Australian law firm plans to sue world’s No.1 miner BHP

Australian law firm plans to sue world’s No.1 miner BHP

May 23rd, 2018

Australian law firm plans to sue world’s No.1 miner BHP. They argue BHP knew the Samarco dam was “at imminent risk of breaking”, but BHP was not transparent, breaching regulations.

Australian law firm plans to sue world’s No.1 miner BHP

Local: Distrito de Bento Rodrigues, Município de Mariana, Minas Gerais.
Foto: Rogério Alves/TV Senado

Reportedly the basis of the class action will be the belief the mining company mislead investors over safety measures, including public warning systems while it was aware of an “imminent collapse” and its very serious potential consequences.

Australian law firm plans to sue world’s No.1 miner BHP

The owners of Samarco dam have repeatedly defended against Brazilian prosecutors claims stating the disaster was preventable. They have stated they complied with Brazilian law and safety was always a key concern.

We will not enter in a legal discussion, but we will note certain points we see as fundamental when approaching dams failures (or any other major accident).

  • As pointed out by various Independent Forensic Teams deployed in the aftermath of various recent accident analyses, dams’ failures are generally not the result of one single “negligence”, but the result of long chains of decisions/ inactions/ deviances.
  • Normalization of deviance is a major culprit. The spiral toward failure starts with a single tiny step out of the original design and intent, one that seems benign, perhaps a mere procedural simplification.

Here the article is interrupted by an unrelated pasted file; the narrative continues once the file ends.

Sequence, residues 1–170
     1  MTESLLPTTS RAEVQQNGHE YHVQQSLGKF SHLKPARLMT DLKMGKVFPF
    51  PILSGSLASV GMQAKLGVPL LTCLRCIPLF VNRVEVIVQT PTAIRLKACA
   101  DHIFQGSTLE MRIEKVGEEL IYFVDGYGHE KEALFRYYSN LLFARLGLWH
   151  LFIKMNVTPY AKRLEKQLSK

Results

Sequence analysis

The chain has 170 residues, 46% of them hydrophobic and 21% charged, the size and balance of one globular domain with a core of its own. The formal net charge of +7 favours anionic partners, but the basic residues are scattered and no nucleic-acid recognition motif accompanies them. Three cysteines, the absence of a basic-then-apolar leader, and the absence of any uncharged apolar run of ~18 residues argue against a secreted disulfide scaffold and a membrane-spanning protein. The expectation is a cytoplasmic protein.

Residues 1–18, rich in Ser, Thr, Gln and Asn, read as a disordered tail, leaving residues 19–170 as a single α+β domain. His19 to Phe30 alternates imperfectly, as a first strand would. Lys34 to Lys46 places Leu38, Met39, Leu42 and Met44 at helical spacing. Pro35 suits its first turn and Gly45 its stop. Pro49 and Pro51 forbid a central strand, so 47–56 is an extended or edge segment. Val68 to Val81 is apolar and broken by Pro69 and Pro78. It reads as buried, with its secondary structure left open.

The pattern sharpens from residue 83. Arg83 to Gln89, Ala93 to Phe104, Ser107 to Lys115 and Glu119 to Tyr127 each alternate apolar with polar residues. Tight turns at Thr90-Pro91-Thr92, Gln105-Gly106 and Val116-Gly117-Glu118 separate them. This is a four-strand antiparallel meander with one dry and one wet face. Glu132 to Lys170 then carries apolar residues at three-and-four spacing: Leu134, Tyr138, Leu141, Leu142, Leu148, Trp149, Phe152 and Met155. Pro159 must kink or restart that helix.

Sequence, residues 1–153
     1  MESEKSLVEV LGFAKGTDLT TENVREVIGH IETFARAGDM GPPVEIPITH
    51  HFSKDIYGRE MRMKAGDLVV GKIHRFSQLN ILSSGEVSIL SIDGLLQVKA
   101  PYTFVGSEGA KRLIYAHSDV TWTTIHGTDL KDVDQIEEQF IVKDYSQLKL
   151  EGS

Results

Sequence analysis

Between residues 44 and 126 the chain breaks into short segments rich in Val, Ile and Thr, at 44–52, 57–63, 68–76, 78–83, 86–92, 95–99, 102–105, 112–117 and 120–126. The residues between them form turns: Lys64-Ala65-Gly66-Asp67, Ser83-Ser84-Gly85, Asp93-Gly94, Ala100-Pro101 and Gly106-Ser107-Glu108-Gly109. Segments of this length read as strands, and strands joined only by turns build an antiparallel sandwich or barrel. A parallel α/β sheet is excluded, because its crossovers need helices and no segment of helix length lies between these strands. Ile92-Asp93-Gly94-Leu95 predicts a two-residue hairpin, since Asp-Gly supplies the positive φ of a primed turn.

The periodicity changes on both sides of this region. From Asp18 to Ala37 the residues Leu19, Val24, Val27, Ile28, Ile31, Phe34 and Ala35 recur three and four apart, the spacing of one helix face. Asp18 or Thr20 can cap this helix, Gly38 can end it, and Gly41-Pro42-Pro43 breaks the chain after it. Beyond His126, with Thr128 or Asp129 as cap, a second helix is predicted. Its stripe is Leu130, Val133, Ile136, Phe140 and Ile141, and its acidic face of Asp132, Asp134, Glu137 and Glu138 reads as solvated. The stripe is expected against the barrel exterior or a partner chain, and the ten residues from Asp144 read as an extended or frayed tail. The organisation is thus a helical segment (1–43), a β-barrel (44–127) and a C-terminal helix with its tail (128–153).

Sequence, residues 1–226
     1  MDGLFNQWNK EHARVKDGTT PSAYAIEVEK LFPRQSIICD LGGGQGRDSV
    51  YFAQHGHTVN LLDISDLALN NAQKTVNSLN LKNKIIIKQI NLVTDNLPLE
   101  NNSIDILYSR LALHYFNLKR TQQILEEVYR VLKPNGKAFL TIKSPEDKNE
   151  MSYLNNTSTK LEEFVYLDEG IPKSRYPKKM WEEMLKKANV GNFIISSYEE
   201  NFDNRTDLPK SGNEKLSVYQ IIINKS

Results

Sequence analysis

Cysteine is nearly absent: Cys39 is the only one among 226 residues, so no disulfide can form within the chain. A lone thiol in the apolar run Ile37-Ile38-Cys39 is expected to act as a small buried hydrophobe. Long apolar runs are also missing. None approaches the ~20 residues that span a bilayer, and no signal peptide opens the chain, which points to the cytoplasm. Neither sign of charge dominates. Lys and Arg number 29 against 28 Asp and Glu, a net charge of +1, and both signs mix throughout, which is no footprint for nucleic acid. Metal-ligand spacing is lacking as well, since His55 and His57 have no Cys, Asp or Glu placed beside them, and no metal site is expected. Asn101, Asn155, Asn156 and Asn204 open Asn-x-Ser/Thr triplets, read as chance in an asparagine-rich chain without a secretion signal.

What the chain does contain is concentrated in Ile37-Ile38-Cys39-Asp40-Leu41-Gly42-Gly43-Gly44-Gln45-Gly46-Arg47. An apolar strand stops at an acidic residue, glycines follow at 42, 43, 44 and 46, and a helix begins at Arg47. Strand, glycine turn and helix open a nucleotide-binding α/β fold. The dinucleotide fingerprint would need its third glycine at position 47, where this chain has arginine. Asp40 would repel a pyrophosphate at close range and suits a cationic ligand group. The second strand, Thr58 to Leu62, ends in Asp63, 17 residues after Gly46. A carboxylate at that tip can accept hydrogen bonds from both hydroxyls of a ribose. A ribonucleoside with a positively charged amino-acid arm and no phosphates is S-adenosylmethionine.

• Codes which base “safety” of a complex structure on one single number, the Factor of Safety, are part of the reason why dams continue to fail. Thus compliance to codes is not a warranty against failure and does not warrant public safety.
  • Common practice risk assessments generally present a number of major flaws which cloud the issues and mislead decision-makers:
    • poor system’s definition,
    • unclear or absent success and failure criteria statements,
    • censoring and biasing of hazards in terms of probability and magnitude,
    • risks are binned into arbitrary “boxes”.
  • Monitoring and maintenance decisions are often arbitrary, instead of being subject to a risk assessment and subsequent risk informed decision-making. Again, Independent Forensic Teams deployed in the aftermath of various recent accident analyses have clearly expressed their opinion that monitoring devices may be inappropriately placed and therefore their reading misleading.

Closing remarks

There are ways to ensure the safety of tailings dams (portfolios) that go way beyond what codes impose. At TMW2018 we will give a course building those skills.

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Category: Consequences, Hazard, Mitigations, Risk analysis, Risk management

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